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  • Writer's pictureEric Elkins

Ode: The Root Vegetable Reuben at Gladys




No, wait.


Stick with me on this.


I wouldn’t believe me, either.


As a full-on carnivore who lives for big beefy bites, I maintain a healthy skepticism toward plant-based alternatives that claim they’re substitutes for their meat-forward equivalents.

Don’t get me wrong — I’m on a personal plan of constant improvement, depending less and less on meat as a primary protein source — both for health reasons and because I live on planet Earth and understand the deleterious effects of mass-market animal production on the environment. I love me some tasty veggies. I’m good with the legumes. I’ll eat a tempeh scramble. Fish are friends AND food.


I’ve had my share of spectacular vegetarian meals that left me sated and smiling. But none of them tried to be something they weren’t. They were delicious in their own right, proud to be their own thing.


So, with my bona fides and predilections clearly stated, when I say that the vegetarian reuben at Gladys in Edgewater Public Market satisfies like its bovine-based namesake, I mean it. If the magical celery root that overflows the marble rye like thinly sliced pastrami were just a bit more toothsome, you might not even know you were eating a vegan sandwich.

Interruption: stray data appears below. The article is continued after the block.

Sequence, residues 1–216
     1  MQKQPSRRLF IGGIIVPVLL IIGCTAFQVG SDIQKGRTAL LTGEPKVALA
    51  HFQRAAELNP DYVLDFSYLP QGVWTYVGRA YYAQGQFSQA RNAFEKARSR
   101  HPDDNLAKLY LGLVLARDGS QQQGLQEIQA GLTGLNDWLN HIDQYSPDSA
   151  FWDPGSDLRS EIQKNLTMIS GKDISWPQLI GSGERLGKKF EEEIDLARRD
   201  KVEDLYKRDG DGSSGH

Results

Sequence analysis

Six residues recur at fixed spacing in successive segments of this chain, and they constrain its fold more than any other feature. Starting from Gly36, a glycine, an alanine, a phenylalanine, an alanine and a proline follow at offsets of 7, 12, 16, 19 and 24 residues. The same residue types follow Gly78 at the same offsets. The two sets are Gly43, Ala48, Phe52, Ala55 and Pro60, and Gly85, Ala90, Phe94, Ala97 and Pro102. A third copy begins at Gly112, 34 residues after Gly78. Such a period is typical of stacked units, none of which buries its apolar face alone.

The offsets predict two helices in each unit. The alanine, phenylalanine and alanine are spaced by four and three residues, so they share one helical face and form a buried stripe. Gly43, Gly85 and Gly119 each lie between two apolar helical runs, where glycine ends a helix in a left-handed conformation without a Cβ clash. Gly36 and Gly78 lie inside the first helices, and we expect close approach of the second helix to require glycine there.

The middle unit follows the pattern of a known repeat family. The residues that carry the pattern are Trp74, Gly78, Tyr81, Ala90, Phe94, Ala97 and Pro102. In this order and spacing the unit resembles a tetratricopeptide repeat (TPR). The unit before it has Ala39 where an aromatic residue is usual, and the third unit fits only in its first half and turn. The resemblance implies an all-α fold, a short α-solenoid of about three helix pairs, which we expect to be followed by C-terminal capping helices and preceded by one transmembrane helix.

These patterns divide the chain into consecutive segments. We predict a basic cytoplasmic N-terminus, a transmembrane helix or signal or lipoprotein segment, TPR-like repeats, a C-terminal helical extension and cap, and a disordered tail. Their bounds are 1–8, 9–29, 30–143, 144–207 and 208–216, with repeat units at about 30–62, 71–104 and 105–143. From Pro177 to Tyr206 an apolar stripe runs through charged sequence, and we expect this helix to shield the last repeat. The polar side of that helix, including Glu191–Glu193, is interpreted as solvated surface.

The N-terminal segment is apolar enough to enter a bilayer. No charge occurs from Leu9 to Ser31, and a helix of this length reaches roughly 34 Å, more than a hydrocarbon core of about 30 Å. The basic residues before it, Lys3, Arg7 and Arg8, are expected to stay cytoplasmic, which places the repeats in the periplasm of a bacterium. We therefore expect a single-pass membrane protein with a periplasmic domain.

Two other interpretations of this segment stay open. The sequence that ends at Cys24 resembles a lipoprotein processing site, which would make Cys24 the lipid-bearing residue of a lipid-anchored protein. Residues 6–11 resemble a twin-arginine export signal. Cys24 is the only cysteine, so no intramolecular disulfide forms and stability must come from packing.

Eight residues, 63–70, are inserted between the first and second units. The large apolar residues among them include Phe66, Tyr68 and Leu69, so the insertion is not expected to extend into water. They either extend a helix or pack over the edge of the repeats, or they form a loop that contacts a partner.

Vegetarians who don’t like meat probably wouldn’t enjoy this item — it’s too close to a deli-stacked sandwich in all its unctuous umami flavor.


The Gladys reuben looks like the kind of thing you’d order at Zaidy’s or the Bagel Deli, with the toasted rye swirled and lightly browned, horseradish crème fraiche leaking out the sides. You’ll appreciate the gentle crunch of pickled sauerkraut. And though you’ll miss the pull and protest of sliced deli meat as your teeth tear at the sandwich, the immediate pastraminess of the celery root will likely stop your brain from thinking too hard about the texture.


“Oh shit,” you’ll say to anyone nearby. “That’s the fucking thing!”


Is the Root Vegetable Rueben the answer to a meat-free lifestyle? Maybe more of a gateway drug. It hints at real possibilities for the inveterate carnivores among us who know that life on our planet will depend on big habitual changes. It’s a step along the way toward satisfying our inner caveman. It’s fucking delicious, and I think about it a lot.


But I’m still holding out for low-impact, guilt-free, lab-grown meat in the near future.

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